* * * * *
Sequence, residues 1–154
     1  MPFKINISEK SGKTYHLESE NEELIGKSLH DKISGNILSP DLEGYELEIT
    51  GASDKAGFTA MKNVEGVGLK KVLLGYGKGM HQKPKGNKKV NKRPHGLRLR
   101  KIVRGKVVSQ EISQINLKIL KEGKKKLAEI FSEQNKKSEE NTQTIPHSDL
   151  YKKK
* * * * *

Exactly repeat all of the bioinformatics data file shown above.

Sequence, residues 1–154
     1  MPFKINISEK SGKTYHLESE NEELIGKSLH DKISGNILSP DLEGYELEIT
    51  GASDKAGFTA MKNVEGVGLK KVLLGYGKGM HQKPKGNKKV NKRPHGLRLR
   101  KIVRGKVVSQ EISQINLKIL KEGKKKLAEI FSEQNKKSEE NTQTIPHSDL
   151  YKKK